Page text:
The Non-Traditional Tradition

Last week’s piece was called The Cleveland Tradition: Year 2.  About a month prior, the piece was called The Greatest Race in the Greatest Place: Volume 2.  Previous to that, I wrote about the 3rd annual fall mountain trip with my family and my sister’s family.  And previous to that, I wrote about the 2nd golf go-round with my boys from Alabama, Wyoming (MIA this year and this year only), and Iowa. 

A130208D-BF5A-4119-8F15-615AAC568FF4Having said all that, I am not a tradition guy, which shouldn’t be surprising coming from someone who wrote “Variety is the Spice of Life”.  Well, let me rephrase that.  If a tradition evokes meaning, emotion, excitement, etc., let’s do it.  If it is tradition just for tradition sake, I have a hard time with it.  It’s the perfect time of year to think about this because the holiday season is Tradition Central.  What are yours?  Are they awesome? Have some lost their luster?

EEC0E35C-BAB2-45D9-B7B9-FEEA1B3C24BAWhen people have kids, I notice that the traditions start to shift.  Many people want their children to wake up at their own house to Santa Claus, which I respect immensely.  I have fond memories of that as a child myself.  So it made me wonder, does it make sense to review your traditions during the rest of the year? And I’ll be damn, I’ve already been doing it (refer to paragraph 1).

One of the key taglines of abk is “Own your life story.”  It’s hard to do that when you are borrowing traditions from the past that may not be relevant anymore.  Don’t get me wrong, many traditions are awesome and should stay.  Many, even if you don’t personally love them, should be respected.  But you have to fuel you.  You know, these unique things that are specific to you, your family, and friends that others might not understand, but who cares?

IMG_4242Like an annual trip to Cleveland in December.  Check.  Like an annual running of the NYC Marathon (health permitting).  Check.  Like an annual mountain trip with my sister and her family.  Check.  Like annual golf shenanigans with the boys all over the US.  Check. These, my friends, take real, active effort.  Sometimes fitting a square peg in a round hole. But these, my friends, are 4 of my absolute favorite things I now do every year.

I am excited about making more.  Until recently, my extended family did an annual family beach week at different beaches in the Southeast US.  Maybe that will return.  Christy and I have taken Banks to 11 different states in his young life.  Maybe we will ensure he sees 3-5 new places each year.  I thoroughly enjoy being involved and raising money every year now for The Arthritis Foundation and One Day One Dog, the annual fundraising day for Wingate University.  And I love playing Cards Against Humanity at Christmas time, laughing hysterically and learning how different people’s minds work.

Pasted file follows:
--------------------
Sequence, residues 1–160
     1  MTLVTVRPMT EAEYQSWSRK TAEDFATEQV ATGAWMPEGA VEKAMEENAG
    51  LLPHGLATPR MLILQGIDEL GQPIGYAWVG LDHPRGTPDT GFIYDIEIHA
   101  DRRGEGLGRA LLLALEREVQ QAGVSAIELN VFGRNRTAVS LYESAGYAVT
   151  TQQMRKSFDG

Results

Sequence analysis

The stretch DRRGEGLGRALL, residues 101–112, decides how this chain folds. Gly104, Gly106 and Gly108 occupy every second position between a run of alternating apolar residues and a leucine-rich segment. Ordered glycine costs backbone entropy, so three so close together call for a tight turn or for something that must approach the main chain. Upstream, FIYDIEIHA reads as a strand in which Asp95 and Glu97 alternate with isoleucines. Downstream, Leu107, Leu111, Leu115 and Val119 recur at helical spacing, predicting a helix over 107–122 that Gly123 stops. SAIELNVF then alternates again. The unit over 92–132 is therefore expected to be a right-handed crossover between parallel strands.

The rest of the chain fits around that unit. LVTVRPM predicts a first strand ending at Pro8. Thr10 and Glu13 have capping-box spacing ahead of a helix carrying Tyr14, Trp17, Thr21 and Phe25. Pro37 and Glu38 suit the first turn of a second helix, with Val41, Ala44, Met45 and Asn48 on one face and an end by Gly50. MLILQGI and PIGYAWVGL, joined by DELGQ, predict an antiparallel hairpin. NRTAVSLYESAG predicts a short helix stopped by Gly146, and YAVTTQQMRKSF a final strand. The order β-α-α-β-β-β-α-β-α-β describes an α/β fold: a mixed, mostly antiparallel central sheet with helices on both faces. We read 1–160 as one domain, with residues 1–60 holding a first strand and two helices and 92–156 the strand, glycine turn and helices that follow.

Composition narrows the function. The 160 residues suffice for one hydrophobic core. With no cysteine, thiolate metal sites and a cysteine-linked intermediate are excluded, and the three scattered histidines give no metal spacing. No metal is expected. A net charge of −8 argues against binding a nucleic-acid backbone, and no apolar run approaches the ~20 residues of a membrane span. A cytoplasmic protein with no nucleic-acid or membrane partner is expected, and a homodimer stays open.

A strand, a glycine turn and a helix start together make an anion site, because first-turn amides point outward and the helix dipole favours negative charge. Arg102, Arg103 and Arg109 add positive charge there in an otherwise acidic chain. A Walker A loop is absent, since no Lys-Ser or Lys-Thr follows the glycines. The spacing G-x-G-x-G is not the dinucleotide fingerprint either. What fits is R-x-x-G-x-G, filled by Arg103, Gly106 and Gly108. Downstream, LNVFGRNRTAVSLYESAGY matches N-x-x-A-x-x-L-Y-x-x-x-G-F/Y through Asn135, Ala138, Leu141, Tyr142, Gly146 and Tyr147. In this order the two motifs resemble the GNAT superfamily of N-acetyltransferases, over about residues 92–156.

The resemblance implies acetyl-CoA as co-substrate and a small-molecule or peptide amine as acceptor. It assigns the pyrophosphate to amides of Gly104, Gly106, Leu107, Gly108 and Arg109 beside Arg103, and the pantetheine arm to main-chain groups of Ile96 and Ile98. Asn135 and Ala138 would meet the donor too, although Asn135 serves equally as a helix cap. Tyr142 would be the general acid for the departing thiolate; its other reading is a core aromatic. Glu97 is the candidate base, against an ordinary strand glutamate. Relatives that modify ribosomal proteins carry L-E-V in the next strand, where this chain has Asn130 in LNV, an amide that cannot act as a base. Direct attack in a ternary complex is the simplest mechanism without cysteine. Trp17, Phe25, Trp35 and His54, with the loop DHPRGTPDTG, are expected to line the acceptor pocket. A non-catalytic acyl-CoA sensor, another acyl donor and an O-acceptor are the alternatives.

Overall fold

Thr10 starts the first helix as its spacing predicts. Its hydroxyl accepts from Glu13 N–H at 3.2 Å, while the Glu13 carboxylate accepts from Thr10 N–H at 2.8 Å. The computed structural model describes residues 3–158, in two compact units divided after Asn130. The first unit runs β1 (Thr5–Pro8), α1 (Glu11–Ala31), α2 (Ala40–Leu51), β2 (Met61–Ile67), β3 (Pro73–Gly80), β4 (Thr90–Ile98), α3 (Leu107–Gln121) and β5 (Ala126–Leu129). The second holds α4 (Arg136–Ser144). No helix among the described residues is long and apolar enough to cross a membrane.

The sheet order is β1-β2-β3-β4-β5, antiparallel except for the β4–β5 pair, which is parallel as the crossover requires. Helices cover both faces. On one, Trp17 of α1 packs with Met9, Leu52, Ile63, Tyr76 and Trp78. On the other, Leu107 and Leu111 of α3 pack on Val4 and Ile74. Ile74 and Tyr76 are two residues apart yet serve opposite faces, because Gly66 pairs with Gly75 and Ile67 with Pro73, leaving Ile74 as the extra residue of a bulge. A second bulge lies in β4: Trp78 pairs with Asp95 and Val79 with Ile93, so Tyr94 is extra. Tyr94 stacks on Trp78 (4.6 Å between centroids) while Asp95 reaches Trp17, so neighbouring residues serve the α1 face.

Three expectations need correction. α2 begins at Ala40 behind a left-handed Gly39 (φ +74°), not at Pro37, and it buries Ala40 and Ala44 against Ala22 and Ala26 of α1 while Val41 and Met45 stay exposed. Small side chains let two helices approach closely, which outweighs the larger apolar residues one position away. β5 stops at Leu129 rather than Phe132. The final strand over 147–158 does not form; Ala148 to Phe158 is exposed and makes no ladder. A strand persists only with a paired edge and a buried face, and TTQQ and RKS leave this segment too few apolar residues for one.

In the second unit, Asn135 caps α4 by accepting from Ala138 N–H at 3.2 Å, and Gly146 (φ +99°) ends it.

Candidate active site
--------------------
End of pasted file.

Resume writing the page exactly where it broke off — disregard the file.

It can be simple stuff. Maybe it is church on Christmas Eve?  Maybe it is an annual trip with the girls?  An annual trip with the boys?  An annual personal challenge?  Bucket list stuff?  Visiting your parents monthly or quarterly?  I could go on and on and on.

C9E18DEC-DCFE-4607-942E-304EAE9F048D“Life can get in the way”, but it doesn’t have to.  These things that are important to you and your loved ones? Re-focus. Don’t be afraid to start a new tradition today.  Don’t be embarrassed if it is something not mainstream like going to Cleveland in December as those can be some of the best.5D3AE3F9-8339-420E-91BA-2BADC263D71D

I am well aware that these new traditions I have helped start or am a part of recently will likely evolve in the future. But that’s okay. I just never want to get to where I am doing something to satisfy the word “tradition”, and it has just become same ole, same ole. 

B8D2E974-C4E9-4F0E-BD58-D96435FD7743Right on cue, Christy and I took Banks to PF Chang’s for a Christmas dinner tonight. One of Christy’s traditions that she introduced years ago was that after any Asian meal, we open fortune cookies from oldest to youngest and read to everyone. So I read mine, which was nothing special, and then she read hers, which was the same. And finally it was Banks turn, who as a reminder, is 3 years old. His read, “This month, your financial risks will payoff.”  I was a couple of sangrias deep, and I just busted out laughing. 

As usual, I learned something. It is important to actively own your life story, but also to keep an open mind to others’ stories and traditions. Because they might just make your night. 

Have a great week.- Benj

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